Inevitably I have seen a fair amount of unethical and immoral behavior in Phuket connected to my work and the experiences of clients. This, combined with the huge changes in the Phuket business, infrastructure, development and demographics, has led me to conduct a quick mental check on where we stand in Phuket when it comes to morals, and how this relates to one of Phuket’s most important markets – property.
I would like to set out a few examples of some common moral issues and I will leave it to you to draw your own conclusions, based on your own moral compass. There is, as is a common saying in Thailand, no clear ‘right or wrong’.
Foreigners and land
It is quite clear under Thai law that foreigners are generally prohibited from owning land. There is no deception there. The issues that have arisen from this prohibition are that many don’t like the law and try to find ways ‘around’ the problem.
Foreigners can lease land. A Thai corporation can own land, but not solely for the purpose of owning land. Foreigners can own buildings. These have become, I hope, commonly known facts.
Even though it is legal for a Thai person to own property in the UK, for example, I haven’t heard of many Thai people being accused of circumventing any of the rules governing such purchases or holdings.
Yes, historically British governments have taken a different view on foreign property investment and ownership, but the balance of power in Thailand could easily shift if wealthy foreign corporations were simply able to start land banking here.
There are some reforms that could be made along the lines of the Malaysia second home program with some better functions, of that there is no doubt, but some perspective is required about where Thailand is in terms of its development of laws.
Keeping reservation deposits
If there is one way to destroy the market you work in, being unfair to potential buyers, who will clearly discuss their experience with other potential buyers, is a surefire way to contribute to negative impacts on the property market.
For a dozen years, I have seen miscommunication, misunderstanding and unfortunately quite a few cases of immoral unfairness in relation to ‘reservation deposits’.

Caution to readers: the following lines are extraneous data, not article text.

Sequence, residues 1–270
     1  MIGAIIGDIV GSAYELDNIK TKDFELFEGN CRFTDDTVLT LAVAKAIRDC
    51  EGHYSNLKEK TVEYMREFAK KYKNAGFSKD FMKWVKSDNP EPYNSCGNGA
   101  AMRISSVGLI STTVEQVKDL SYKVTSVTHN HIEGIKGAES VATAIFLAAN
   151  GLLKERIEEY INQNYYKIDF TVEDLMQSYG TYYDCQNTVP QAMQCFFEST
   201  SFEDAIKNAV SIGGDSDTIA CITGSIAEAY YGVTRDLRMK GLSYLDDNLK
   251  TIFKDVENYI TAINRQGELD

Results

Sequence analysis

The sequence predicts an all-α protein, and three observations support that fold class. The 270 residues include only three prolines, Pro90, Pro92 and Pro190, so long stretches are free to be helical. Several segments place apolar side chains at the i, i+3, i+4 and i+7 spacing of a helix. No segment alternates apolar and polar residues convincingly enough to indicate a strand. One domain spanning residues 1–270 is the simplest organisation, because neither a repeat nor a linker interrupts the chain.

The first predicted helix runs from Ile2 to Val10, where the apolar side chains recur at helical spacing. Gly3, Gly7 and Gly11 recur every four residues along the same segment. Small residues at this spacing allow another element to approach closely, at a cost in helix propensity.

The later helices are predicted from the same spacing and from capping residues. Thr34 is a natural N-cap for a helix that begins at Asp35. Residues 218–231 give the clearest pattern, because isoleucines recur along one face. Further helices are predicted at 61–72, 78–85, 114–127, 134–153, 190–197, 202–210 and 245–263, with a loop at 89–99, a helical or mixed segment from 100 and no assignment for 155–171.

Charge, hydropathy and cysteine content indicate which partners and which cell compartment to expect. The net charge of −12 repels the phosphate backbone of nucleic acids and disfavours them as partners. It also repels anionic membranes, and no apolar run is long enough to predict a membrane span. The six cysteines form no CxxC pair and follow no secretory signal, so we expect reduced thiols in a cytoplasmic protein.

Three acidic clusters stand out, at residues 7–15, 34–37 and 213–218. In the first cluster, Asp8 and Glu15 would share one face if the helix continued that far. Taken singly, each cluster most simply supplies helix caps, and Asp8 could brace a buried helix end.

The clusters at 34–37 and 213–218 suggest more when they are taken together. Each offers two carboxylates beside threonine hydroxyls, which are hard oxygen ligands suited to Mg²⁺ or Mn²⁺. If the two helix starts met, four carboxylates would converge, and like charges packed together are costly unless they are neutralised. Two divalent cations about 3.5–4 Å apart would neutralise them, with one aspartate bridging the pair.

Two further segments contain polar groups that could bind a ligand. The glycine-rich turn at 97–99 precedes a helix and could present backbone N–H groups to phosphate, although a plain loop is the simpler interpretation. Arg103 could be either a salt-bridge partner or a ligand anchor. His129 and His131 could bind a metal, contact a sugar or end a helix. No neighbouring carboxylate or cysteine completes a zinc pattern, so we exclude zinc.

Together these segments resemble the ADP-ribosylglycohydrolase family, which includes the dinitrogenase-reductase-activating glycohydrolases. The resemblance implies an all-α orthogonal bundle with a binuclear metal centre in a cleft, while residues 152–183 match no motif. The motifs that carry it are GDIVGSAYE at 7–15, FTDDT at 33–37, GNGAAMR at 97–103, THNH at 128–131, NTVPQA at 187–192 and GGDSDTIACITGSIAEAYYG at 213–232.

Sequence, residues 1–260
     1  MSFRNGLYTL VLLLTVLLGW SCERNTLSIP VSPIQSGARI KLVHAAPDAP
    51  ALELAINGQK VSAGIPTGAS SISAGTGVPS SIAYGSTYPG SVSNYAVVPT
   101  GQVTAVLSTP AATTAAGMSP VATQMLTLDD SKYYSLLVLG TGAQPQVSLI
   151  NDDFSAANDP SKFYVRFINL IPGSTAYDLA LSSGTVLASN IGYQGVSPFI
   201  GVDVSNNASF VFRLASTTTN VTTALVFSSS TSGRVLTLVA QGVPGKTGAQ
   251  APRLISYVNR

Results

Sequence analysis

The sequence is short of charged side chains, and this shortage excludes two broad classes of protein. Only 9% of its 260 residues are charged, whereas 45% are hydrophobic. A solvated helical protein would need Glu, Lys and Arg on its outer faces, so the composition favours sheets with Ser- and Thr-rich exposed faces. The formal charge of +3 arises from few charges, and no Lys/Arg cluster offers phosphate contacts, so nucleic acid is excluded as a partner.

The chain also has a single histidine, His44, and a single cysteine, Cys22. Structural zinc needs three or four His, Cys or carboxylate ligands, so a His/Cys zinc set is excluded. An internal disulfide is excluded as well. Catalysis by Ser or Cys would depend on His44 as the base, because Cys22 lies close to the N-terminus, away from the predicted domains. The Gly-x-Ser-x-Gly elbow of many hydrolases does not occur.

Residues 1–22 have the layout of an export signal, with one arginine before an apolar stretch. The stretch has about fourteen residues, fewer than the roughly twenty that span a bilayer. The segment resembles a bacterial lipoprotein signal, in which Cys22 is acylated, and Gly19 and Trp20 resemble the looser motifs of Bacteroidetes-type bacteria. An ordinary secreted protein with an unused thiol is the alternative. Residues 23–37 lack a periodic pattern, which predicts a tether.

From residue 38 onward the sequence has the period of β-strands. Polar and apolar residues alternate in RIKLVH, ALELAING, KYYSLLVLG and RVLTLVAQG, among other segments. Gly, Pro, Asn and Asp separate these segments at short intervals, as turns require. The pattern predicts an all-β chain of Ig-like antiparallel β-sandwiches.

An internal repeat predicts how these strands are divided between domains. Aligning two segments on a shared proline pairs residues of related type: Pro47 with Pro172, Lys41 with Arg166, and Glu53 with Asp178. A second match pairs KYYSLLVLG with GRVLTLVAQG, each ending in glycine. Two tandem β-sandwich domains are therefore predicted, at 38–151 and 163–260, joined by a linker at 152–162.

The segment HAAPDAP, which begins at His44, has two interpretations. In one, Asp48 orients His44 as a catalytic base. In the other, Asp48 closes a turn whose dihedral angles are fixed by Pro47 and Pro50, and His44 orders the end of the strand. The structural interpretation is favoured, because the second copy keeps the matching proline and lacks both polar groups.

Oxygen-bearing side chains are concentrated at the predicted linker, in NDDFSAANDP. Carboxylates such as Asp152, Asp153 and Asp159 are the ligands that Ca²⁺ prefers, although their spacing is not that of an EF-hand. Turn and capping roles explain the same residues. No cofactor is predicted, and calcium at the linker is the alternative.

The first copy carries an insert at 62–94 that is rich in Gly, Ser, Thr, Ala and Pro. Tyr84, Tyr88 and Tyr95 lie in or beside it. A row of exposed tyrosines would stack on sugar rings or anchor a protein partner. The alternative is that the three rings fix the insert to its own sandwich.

A reservation deposit for a property is security for a seller against costs incurred by time wasters. If a potential buyer places a reservation deposit and then uses the sellers’ time and their advisers’ time, and simply withdraws without cause, they should lose some money if not all of their reservation deposit, if the amount is fairly small.
However, if a seller has mis-sold something – maybe told the buyer that they are buying ‘freehold’ when the purchase is leasehold, or a variation of leasehold – and the buyer feels uncomfortable about that and wishes to withdraw, then the money should go straight back to the reservation holder.
Further, if the buyer finds out there is an issue with the property, or a serious defect, they should get their money back.
Promises of ‘Free golf course membership’, ‘Access to tennis court’, ‘Discounts at restaurants’, ‘Discounted school fees’, etc, can lead to problems. Golf membership promises can turn into ‘plus green fees and caddy fees and subject to availability’.
Tennis can turn out to be on ‘uncovered courts only.’ Or restaurants that serve ‘subject to restaurant opening times’, when the restaurant is in fact permanently closed. Or a gym room without any machines or air-con. Buyers remember all these small things too.
Honesty on financial position
When you ask to borrow money from somebody, a sensible potential lender will ask if you have enough money, or will have enough money, to pay it back, or the lender will already have confidence you are a good payer.
When it comes to off-the-plan property where sales require large payments from buyers to fund construction, if the developer already owes money to the bank and the payments are a priority, it is unfair to take money from potential buyers without first informing them very clearly that the developer has some debts which must be repaid as part of the financial equation.
I have seen many times situations where buyers are shocked to learn of a registered mortgage against the same title that they thought they were investing in.
It would be great to see more honesty in the world generally, and Phuket is no exception to that wish.
Desmond Hughes has been an owner and operator of his law firm in Thailand for 12 years, and is a Senior Partner at Hughes Krupica law firm www.hugheskrupica.com. – See more at: http://www.phuketgazette.net/phuket-news/Property-Watch-Pitfalls-Thai-property-market/61998#.dpuf
Originally published in The Phuket Gazette: